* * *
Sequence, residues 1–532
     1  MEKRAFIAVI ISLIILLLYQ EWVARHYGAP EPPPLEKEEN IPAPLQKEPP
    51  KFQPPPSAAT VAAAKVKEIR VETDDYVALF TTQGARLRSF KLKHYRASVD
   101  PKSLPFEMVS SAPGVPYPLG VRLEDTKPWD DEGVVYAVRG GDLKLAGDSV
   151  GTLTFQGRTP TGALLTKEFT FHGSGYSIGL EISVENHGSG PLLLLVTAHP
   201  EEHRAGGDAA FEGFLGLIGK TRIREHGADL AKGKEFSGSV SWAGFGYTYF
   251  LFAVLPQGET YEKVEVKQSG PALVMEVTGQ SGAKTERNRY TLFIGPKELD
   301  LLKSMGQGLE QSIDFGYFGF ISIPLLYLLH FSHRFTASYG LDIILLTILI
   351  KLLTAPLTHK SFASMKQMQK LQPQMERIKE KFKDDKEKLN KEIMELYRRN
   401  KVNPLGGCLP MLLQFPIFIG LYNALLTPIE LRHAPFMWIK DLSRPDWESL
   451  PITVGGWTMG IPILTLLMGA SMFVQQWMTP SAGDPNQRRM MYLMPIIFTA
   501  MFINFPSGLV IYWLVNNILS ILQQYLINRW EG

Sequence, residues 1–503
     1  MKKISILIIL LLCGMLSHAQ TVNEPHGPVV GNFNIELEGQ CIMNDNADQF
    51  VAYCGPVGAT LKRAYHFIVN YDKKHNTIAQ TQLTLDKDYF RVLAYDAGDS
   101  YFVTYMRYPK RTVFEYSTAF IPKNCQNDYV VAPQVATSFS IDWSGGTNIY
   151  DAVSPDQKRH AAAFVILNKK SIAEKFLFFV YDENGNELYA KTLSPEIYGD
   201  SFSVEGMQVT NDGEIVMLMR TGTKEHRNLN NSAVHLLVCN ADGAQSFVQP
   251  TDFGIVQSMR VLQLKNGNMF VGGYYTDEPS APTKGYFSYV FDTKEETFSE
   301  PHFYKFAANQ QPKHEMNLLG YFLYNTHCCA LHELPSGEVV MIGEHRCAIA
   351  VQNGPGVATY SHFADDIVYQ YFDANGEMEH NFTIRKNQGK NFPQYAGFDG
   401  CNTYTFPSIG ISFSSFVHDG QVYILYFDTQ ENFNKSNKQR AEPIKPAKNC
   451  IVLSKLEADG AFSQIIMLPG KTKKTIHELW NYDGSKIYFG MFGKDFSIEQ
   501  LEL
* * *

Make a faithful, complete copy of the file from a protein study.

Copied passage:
Sequence, residues 1–532
     1  MEKRAFIAVI ISLIILLLYQ EWVARHYGAP EPPPLEKEEN IPAPLQKEPP
    51  KFQPPPSAAT VAAAKVKEIR VETDDYVALF TTQGARLRSF KLKHYRASVD
   101  PKSLPFEMVS SAPGVPYPLG VRLEDTKPWD DEGVVYAVRG GDLKLAGDSV
   151  GTLTFQGRTP TGALLTKEFT FHGSGYSIGL EISVENHGSG PLLLLVTAHP
   201  EEHRAGGDAA FEGFLGLIGK TRIREHGADL AKGKEFSGSV SWAGFGYTYF
   251  LFAVLPQGET YEKVEVKQSG PALVMEVTGQ SGAKTERNRY TLFIGPKELD
   301  LLKSMGQGLE QSIDFGYFGF ISIPLLYLLH FSHRFTASYG LDIILLTILI
   351  KLLTAPLTHK SFASMKQMQK LQPQMERIKE KFKDDKEKLN KEIMELYRRN
   401  KVNPLGGCLP MLLQFPIFIG LYNALLTPIE LRHAPFMWIK DLSRPDWESL
   451  PITVGGWTMG IPILTLLMGA SMFVQQWMTP SAGDPNQRRM MYLMPIIFTA
   501  MFINFPSGLV IYWLVNNILS ILQQYLINRW EG

Sequence, residues 1–503
     1  MKKISILIIL LLCGMLSHAQ TVNEPHGPVV GNFNIELEGQ CIMNDNADQF
    51  VAYCGPVGAT LKRAYHFIVN YDKKHNTIAQ TQLTLDKDYF RVLAYDAGDS
   101  YFVTYMRYPK RTVFEYSTAF IPKNCQNDYV VAPQVATSFS IDWSGGTNIY
   151  DAVSPDQKRH AAAFVILNKK SIAEKFLFFV YDENGNELYA KTLSPEIYGD
   201  SFSVEGMQVT NDGEIVMLMR TGTKEHRNLN NSAVHLLVCN ADGAQSFVQP
   251  TDFGIVQSMR VLQLKNGNMF VGGYYTDEPS APTKGYFSYV FDTKEETFSE
   301  PHFYKFAANQ QPKHEMNLLG YFLYNTHCCA LHELPSGEVV MIGEHRCAIA
   351  VQNGPGVATY SHFADDIVYQ YFDANGEMEH NFTIRKNQGK NFPQYAGFDG
   401  CNTYTFPSIG ISFSSFVHDG QVYILYFDTQ ENFNKSNKQR AEPIKPAKNC
   451  IVLSKLEADG AFSQIIMLPG KTKKTIHELW NYDGSKIYFG MFGKDFSIEQ
   501  LEL